China is not Africa's new 'coloniser' - political economist

accreditation

The battle between the US and China will also play out in the African arena, but this need not be negative for the continent, according to political economist Ronak Gopaldas.

Foreign powers are actively looking at Africa again, in his view.

"In response to what Russia and China are doing in Africa, the US is now again actively engaging on the continent, especially in security and commerce," he said at the recent annual general meeting of the Airline Association of Southern Africa (AASA) hosted by Air Austral in Reunion.

He believes China’s approach to Africa has generally been one of "cash for resources".

'Prefer the Chinese model'

"African countries prefer the Chinese model as it is less transparent and requires less paperwork. It also does not create the patronising type of feeling perceived from the West," said Gopaldas.

"Although a lot of criticism is also being levelled against China – with accusations that it is acting like the new coloniser - I don’t buy that. China will do what is good for itself and the onus is on Africa to broker better deals."

Furthermore, Japan and India are also actively stepping up their efforts to engage in Africa, according to Gopaldas.

The argument of the Japanese and Indians is that their kind of investments – though they do not match the scale of those by the Chinese are more transparent, of a better quality and not just "government to government", according to Gopaldas.

"India, China and Japan currently have strong leaders with strong global visions on how to expand their visions. This does not need to be negative for Africa," said Gopaldas.

"It can be an opportunity for Africa if we play our cards right as the African continent."

In his view, among "policy puzzles" which will shape the continent’s future are political tensions, tensions between globalism and protectionism and the demographics on the continent, namely its large segment of young people, geo-politics.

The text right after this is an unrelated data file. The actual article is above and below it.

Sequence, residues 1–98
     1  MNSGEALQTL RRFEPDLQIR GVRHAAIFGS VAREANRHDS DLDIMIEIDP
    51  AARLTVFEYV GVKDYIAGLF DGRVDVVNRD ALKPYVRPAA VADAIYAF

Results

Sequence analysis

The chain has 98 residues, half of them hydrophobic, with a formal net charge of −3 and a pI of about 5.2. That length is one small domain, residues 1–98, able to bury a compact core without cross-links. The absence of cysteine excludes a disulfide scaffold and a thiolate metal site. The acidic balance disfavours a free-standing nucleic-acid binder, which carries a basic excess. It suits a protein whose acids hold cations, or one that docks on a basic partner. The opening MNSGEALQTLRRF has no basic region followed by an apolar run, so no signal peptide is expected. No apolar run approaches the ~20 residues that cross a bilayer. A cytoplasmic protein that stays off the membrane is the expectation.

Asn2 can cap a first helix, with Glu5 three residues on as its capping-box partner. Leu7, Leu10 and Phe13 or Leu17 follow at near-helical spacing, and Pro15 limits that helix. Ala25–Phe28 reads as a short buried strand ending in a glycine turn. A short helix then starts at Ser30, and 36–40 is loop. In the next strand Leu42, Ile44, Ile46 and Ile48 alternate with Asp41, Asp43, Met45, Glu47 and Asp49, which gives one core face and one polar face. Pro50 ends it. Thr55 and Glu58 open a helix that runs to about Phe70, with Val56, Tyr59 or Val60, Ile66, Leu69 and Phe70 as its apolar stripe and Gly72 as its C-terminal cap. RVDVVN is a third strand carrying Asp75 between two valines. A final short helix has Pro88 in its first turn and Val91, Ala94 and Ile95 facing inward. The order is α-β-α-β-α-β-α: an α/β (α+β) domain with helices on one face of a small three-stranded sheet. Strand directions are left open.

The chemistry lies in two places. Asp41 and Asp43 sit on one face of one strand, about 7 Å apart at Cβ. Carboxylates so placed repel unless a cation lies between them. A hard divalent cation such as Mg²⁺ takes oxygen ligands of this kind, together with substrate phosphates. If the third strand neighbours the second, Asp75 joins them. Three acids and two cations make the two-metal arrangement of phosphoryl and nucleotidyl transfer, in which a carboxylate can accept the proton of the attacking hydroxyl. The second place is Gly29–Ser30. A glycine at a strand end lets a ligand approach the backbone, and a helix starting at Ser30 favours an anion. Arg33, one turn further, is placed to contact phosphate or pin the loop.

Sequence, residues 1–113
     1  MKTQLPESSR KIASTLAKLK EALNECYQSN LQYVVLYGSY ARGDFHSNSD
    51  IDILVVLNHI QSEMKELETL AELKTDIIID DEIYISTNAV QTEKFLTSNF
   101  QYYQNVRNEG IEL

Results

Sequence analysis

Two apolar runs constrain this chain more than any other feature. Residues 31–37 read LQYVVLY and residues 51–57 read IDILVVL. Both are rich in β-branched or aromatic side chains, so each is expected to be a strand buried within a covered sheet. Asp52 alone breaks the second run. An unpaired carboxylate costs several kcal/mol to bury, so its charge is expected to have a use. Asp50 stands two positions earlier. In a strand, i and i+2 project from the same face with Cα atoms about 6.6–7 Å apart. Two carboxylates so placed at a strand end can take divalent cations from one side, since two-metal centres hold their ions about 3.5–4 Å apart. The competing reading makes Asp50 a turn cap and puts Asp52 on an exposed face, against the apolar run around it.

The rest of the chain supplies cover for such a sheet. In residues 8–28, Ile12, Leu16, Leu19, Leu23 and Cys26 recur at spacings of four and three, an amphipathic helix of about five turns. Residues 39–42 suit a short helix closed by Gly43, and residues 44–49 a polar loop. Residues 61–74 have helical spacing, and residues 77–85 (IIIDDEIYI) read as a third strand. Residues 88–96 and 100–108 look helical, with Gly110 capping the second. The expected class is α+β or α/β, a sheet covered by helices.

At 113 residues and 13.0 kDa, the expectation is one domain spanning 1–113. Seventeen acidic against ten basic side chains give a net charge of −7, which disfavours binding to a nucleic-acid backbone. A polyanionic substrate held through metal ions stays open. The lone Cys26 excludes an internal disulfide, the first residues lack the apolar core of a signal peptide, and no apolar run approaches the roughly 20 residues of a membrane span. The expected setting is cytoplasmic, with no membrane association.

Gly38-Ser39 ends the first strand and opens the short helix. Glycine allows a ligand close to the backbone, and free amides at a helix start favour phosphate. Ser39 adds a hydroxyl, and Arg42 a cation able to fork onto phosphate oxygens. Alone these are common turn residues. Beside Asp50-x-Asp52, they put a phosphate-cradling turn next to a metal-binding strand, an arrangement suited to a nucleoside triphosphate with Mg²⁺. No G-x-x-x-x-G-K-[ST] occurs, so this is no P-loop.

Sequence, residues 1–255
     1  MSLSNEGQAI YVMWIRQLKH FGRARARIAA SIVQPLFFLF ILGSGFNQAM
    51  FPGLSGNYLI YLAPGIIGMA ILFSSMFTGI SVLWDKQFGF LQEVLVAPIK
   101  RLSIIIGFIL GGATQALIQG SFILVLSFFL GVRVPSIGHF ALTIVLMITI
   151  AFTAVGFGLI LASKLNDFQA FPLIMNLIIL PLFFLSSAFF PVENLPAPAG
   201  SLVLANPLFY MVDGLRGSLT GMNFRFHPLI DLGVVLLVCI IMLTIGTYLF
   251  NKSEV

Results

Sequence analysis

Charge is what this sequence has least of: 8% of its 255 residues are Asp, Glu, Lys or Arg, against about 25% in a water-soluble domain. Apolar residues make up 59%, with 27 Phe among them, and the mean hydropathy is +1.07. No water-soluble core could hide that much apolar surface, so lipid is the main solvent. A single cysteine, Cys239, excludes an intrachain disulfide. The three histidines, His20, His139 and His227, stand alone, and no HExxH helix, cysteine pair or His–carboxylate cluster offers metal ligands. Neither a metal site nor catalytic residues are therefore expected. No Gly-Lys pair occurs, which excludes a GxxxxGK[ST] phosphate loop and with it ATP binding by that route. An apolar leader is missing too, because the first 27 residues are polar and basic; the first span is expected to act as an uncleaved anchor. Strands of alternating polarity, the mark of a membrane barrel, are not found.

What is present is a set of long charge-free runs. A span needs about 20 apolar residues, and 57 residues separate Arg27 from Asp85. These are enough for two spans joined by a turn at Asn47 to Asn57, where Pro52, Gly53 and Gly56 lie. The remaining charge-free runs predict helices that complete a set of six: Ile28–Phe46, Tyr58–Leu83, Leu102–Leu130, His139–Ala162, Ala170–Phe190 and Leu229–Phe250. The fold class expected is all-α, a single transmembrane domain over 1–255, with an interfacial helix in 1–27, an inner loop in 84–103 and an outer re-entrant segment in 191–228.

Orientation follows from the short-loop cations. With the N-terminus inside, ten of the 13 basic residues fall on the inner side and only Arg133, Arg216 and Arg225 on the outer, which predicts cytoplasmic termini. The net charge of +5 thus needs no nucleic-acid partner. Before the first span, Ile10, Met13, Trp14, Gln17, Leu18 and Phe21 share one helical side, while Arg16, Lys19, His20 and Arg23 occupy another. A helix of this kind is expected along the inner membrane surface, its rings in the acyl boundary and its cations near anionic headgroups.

* Fin24 was a guest of AASA at its AGM.

We live in a world where facts and fiction get blurred
In times of uncertainty you need journalism you can trust. For only R75 per month, you have access to a world of in-depth analyses, investigative journalism, top opinions and a range of features. Journalism strengthens democracy. Invest in the future today.
Subscribe to News24
Rand - Dollar
14.71
+0.8%
Rand - Pound
20.25
+0.3%
Rand - Euro
17.08
+0.7%
Rand - Aus dollar
11.02
+0.1%
Rand - Yen
0.13
+0.6%
Gold
1,806.73
+0.8%
Silver
24.57
+0.9%
Palladium
2,065.50
+2.2%
Platinum
1,062.25
+1.8%
Brent Crude
85.53
+1.1%
Top 40
60,446
-0.1%
All Share
66,980
-0.1%
Resource 10
63,455
+0.8%
Industrial 25
85,827
-1.0%
Financial 15
13,901
+0.4%
All JSE data delayed by at least 15 minutes Iress logo
Company Snapshot
Voting Booth
Facebook is facing a fresh crisis after a former employee turned whistle-blower leaked internal company research . Do you still use Facebook?
Please select an option Oops! Something went wrong, please try again later.
Results
Yes, the benefits outweigh the risk for me
25% - 272 votes
No, I have deleted it
45% - 481 votes
Yes, but I am considering deleting it
30% - 322 votes
Vote